Finalists feel the pain

A new survey has reported that 59% students currently taking exams eat increased amounts of junk food while studying.

A new survey has reported that 59% students currentlytaking exams eat increased amounts of junk food while studying.
Consuming increased quantities of junk food is often connected with over-eating in order to cope with stress.
A second survey highlighted the fact that 1/5 of all students claim to have experienced anxiety attacks during the exam period, as well as 61% suffering from an inability to sleep and 51% from migraines.
Much of this stress can be traced back to the fact that 78% of students believe that the results of their exams will influence their career prospects upon leaving university.
Despite the health warnings that suggest increased junk food can actually lead to decreased productivity, 64% of students claim to be eating more chocolate, 61% are drinking more tea or coffee and 32% are drinking more energy drinks than normal.
Those finalists suffering from a lack of sleep may be unsurprised to hear that high levels of caffeine can drastically disrupt normal sleeping patterns.
Sam Hawkins, an English finalist, commented, “Some people ate lots more during revision, and some of that was probably food that’s not great for you, but some people found that they didn’t feel like eating because they were too stressed. 
“I’d say the more surprising thing was that only 20% of students say they suffered from anxiety attacks. Pretty much everyone I know has been incredibly stressed and anxious in the months before finals.”
One first-year student studying for Prelims said, “I know it’s not my finals, but it still feels like there’s a lot riding on these exams. Without a bike, I simply haven’t got time to go to Tesco’s all the time so why not just use the vending machine?”
Oliver Brann, editor of studentbeans.com stated, “With so much riding on exam results, including breaking into an already challenging job market, it seems students are putting their health at risk”.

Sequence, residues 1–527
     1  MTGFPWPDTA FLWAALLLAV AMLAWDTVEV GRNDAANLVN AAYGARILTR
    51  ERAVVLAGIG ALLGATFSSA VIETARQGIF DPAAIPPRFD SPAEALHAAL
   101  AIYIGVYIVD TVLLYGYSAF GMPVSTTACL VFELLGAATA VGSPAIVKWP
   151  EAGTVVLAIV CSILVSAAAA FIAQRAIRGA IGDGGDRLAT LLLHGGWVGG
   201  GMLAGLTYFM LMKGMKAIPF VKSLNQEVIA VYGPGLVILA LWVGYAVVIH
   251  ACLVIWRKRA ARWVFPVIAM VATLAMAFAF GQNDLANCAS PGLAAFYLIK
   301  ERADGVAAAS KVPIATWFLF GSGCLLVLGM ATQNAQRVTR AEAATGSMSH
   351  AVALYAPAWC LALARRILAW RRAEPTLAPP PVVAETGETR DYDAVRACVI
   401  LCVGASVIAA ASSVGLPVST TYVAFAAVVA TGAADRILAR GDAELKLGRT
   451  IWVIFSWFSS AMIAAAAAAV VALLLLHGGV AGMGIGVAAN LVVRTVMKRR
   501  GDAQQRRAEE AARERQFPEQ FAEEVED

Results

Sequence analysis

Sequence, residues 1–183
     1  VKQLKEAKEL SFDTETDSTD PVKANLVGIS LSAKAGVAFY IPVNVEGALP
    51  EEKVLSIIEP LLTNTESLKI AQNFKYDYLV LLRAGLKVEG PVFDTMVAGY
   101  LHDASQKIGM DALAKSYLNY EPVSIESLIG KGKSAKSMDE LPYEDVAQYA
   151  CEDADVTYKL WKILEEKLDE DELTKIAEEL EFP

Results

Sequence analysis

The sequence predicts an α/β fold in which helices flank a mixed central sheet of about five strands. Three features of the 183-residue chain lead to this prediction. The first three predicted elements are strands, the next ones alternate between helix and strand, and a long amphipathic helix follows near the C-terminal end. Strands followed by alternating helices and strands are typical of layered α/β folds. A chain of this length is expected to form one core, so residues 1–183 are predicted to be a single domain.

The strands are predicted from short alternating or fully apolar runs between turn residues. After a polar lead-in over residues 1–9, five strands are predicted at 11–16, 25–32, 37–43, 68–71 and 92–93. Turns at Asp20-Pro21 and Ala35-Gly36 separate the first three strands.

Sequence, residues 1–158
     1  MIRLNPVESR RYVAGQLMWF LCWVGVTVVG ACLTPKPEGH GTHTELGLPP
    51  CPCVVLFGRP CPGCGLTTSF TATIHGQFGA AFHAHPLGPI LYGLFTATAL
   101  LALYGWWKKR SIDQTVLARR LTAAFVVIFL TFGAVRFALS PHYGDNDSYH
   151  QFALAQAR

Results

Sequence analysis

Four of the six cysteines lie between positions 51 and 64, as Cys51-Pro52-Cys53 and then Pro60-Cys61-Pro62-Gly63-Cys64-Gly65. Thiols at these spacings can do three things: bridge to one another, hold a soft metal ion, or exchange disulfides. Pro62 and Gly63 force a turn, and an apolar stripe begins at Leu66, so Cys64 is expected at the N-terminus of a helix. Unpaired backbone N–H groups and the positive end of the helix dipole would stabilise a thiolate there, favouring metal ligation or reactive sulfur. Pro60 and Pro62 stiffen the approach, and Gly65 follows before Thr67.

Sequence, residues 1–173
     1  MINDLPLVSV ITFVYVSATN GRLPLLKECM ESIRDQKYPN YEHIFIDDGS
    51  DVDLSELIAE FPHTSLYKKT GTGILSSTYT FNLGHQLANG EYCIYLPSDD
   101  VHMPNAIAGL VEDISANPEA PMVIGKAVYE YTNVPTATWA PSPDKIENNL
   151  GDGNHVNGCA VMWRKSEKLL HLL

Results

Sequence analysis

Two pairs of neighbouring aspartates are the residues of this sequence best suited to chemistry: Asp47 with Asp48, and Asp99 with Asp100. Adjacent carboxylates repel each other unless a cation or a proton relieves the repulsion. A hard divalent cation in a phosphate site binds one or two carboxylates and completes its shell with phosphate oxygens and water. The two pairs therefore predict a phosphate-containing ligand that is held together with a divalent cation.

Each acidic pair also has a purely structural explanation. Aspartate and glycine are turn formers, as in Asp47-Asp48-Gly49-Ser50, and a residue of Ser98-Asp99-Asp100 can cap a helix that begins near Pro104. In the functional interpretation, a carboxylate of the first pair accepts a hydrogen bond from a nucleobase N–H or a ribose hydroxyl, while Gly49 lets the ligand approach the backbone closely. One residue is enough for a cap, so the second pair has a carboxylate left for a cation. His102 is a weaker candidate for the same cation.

An additional study however, conducted by Queen Margaret University, claims to have identified a possible solution: a daily drink of pomegranate juice.
Their study revealed that the juice caused a significant reduction in the level of the stress hormone cortisol in saliva and a significant reduction in systolic and diastolic blood pressure in all volunteers.
The study also reports that most subjects, upon consumption, felt less distressed, nervous and guilty about the stress surrounding their particular workplace.

Consuming increased quantities of junk food is often connected with over-eating in order to cope with stress.

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A second survey highlighted the fact that 1/5 of all students claim to have experienced anxiety attacks during the exam period, as well as 61% suffering from an inability to sleep and 51% from migraines.

Much of this stress can be traced back to the fact that 78% of students believe that the results of their exams will influence their career prospects upon leaving university.

Despite the health warnings that suggest increased junk food can actually lead to decreased productivity, 64% of students claim to be eating more chocolate, 61% are drinking more tea or coffee and 32% are drinking more energy drinks than normal.

Those finalists suffering from a lack of sleep may be unsurprised to hear that high levels of caffeine can drastically disrupt normal sleeping patterns.

Sam Hawkins, an English finalist, commented, “Some people ate lots more during revision, and some of that was probably food that’s not great for you, but some people found that they didn’t feel like eating because they were too stressed.

“I’d say the more surprising thing was that only 20% of students say they suffered from anxiety attacks. Pretty much everyone I know has been incredibly stressed and anxious in the months before finals.”

One first-year student studying for Prelims said, “I know it’s not my finals, but it still feels like there’s a lot riding on these exams. Without a bike, I simply haven’t got time to go to Tesco’s all the time so why not just use the vending machine?”

Oliver Brann, editor of studentbeans.com stated, “With so much riding on exam results, including breaking into an already challenging job market, it seems students are putting their health at risk”.

An additional study however, conducted by Queen Margaret University, claims to have identified a possible solution: a daily drink of pomegranate juice.

Their study revealed that the juice caused a significant reduction in the level of the stress hormone cortisol in saliva and a significant reduction in systolic and diastolic blood pressure in all volunteers.

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The study also reports that most subjects, upon consumption, felt less distressed, nervous and guilty about the stress surrounding their particular workplace.